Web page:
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Favorite Cookbooks: Let's Get Practical

A-photo-of-Chuck-MalloryThere is one thing almost every cook has in common: he or she has a favorite cookbook. Sometimes it’s the one Mom used. Or a church cookbook featuring the recipes of friends and neighbors. It might be a classic, such as the Joy of Cooking. But strangely, I’ve found I cannot pick one cookbook as a favorite. Maybe it’s because I own so many: my philosophy is that it is never an indulgence to have as many cookbooks as you want, because they can be used many times. I can’t even name a favorite few cookbooks. I have favorites by category! 

Here are my favorite side-dish cookbooks. For those who grow their own garden, have an ample root cellar, or just love to cook vegetables in creative ways, any of these are as good as gold. You won’t find a title like Best American Side Dishes here, the tome from Cook’s Illustrated Magazine, because I like the personality of an author to come through. It’s like the two of you are in the kitchen, cooking together. Ironically, none of these are strictly side-dish cookbooks; they are the standouts because they but have such a good array of recipes for side dishes. 

greensGreens: A Country Garden Cookbook by Sibella Kraus (Collins, 1993). It’s easy to produce a salad. But if you want to include other, super-healthy greens in your diet—kale, collard, mustard greens, turnip greens, sorrel, chards—it is a challenge to cook them in a variety of ways. This is one of those books I like because it showed me ingredient pairings I couldn’t have thought of. Knowing how to cook them is also tricky, without instructions—cooking makes some greens bitter and others sweeter. This was part of a series of books with titles like Lemons, Apples and Potatoes, and though out of print, can be found online. Star recipes:  Sorrel Cream Soup, White Beans & Winter Beans Gratin, Kale & Potato Soup, and Grilled Radicchio with Bagna Cauda.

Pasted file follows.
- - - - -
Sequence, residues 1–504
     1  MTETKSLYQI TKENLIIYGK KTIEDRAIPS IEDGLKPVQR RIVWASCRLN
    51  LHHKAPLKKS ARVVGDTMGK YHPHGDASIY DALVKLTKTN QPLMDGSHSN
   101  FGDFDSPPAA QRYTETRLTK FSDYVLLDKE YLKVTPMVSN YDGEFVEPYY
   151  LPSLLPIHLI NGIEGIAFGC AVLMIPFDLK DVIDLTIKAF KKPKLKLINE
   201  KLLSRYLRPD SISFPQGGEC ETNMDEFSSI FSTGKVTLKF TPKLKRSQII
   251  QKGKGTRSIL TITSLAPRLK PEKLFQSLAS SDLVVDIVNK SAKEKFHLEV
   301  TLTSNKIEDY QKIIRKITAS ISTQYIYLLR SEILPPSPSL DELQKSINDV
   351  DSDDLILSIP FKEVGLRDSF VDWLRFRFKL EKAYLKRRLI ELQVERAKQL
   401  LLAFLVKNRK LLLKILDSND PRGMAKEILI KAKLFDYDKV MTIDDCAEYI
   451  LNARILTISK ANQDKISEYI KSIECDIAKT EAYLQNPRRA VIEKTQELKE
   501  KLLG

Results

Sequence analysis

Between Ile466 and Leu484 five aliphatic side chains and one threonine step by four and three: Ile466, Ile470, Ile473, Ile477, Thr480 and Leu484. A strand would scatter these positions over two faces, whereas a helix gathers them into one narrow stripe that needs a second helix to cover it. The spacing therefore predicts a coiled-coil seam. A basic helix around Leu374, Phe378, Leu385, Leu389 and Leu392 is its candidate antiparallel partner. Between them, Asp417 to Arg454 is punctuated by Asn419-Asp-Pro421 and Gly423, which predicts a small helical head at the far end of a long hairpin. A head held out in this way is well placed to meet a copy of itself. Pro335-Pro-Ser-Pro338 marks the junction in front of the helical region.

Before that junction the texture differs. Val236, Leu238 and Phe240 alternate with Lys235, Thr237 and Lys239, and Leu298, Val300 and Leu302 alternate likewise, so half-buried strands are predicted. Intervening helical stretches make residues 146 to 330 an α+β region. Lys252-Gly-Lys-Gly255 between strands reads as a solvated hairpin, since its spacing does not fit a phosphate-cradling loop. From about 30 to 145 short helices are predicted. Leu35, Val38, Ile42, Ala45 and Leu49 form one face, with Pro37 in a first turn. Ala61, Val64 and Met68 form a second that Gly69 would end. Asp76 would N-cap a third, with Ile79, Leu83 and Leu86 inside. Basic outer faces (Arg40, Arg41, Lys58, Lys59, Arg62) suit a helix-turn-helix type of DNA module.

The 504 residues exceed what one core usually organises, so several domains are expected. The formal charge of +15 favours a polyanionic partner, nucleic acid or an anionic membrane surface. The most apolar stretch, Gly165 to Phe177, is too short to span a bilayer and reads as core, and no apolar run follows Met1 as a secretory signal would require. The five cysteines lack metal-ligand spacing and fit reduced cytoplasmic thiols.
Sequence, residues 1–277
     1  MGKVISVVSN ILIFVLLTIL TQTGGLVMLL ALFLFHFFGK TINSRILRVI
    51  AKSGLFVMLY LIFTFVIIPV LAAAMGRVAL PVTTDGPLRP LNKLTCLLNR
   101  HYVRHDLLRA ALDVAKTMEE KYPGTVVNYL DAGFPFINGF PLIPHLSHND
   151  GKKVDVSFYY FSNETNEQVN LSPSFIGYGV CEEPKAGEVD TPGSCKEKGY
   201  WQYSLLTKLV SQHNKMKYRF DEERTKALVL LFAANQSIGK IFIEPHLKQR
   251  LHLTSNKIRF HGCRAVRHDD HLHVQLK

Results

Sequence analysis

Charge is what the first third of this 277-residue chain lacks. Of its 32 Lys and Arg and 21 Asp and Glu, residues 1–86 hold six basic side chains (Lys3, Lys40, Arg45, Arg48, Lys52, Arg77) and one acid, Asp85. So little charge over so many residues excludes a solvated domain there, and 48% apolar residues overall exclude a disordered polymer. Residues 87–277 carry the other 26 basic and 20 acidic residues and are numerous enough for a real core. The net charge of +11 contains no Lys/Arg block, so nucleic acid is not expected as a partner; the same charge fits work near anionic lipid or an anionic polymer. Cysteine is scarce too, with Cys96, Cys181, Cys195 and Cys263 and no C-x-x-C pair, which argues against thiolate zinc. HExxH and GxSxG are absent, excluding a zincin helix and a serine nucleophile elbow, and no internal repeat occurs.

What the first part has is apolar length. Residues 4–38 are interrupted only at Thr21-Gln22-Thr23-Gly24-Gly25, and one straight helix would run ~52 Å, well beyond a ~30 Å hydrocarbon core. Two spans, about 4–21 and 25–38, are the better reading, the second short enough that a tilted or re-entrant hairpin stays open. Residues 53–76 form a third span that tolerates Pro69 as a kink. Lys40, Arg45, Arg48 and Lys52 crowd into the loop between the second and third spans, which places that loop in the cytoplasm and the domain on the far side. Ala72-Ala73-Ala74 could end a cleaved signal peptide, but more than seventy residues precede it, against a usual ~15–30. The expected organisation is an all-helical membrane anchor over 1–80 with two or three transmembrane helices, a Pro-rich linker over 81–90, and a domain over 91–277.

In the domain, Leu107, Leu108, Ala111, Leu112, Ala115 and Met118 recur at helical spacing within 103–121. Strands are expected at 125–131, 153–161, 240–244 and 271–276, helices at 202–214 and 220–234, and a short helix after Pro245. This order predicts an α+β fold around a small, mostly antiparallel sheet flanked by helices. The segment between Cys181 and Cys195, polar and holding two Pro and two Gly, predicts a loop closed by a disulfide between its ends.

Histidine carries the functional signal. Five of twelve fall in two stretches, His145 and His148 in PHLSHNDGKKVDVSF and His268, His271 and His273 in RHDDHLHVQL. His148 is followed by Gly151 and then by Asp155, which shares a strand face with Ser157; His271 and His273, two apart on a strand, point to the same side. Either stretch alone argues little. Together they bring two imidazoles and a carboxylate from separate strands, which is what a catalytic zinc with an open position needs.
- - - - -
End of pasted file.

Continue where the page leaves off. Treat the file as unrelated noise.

rootcellar Recipes from the Root Cellar by Andrea Chesman (2010, Storey Publishing) sports a creative yet simple set of 270 recipes featuring root vegetables. These hardy standby vegetables can be much more than baked or mashed potatoes. Most Americans have sadly missed the delights of our ancestors, who regularly enjoyed not only potatoes and carrots, but also parsnips, rutabagas, celeriac, turnips, and Jerusalem artichokes. Star recipes: Winter Squash with Caramelized Apples, Honey-Balsamic Roasted Parsnips, Potato-Carrot Tart, and Gratin of Turnips and Rutabagas. (Available for purchase here.) 

vegharvest Vegetable Harvest by Patricia Wells (Morrow, 2007). This French cooking expert transforms the best of French techniques for vegetables into a simple, exquisite process. There are recipes for all types of dishes, such as main dishes, breads, and even desserts, but with such a concentration of vegetables there is a great variety of side dishes. Uniquely, she has good recipes for even seldom-seen vegetables. Star recipes: Zucchini Puree, Steamed Creamy Cabbage, Eggplant Daube and Curried Beet Soup. 

artisanArtisan Bread in Five Minutes a Day by Jeff Hertzberg and Zoe Francois (St. Martin’s, 2007. Not all side dishes are made of vegetables, of course, and there are so many baking books it’s hard to pick one. But this is the one I recommend for general use because the price of the book is worth one recipe--the “Master Recipe,” the dough to make and refrigerate. You use portions of it to bake fresh bread whenever you like. It’s truly easy and produces incredible bread. The remaining recipes are all extra goodies you can try when you like. With the Master Recipe you can have fresh-baked bread daily. (Available for purchase here.)

These are chosen for practical reasons, but next time I’ll include my favorite cookbooks from an emotional standpoint--like my “Grandma cookbook.” How about you? Can you name your one favorite cookbook, or do you have several? Is it for memories of Grandma, or something you actually use for cooking techniques? I love hearing people’s stories about their cookbooks!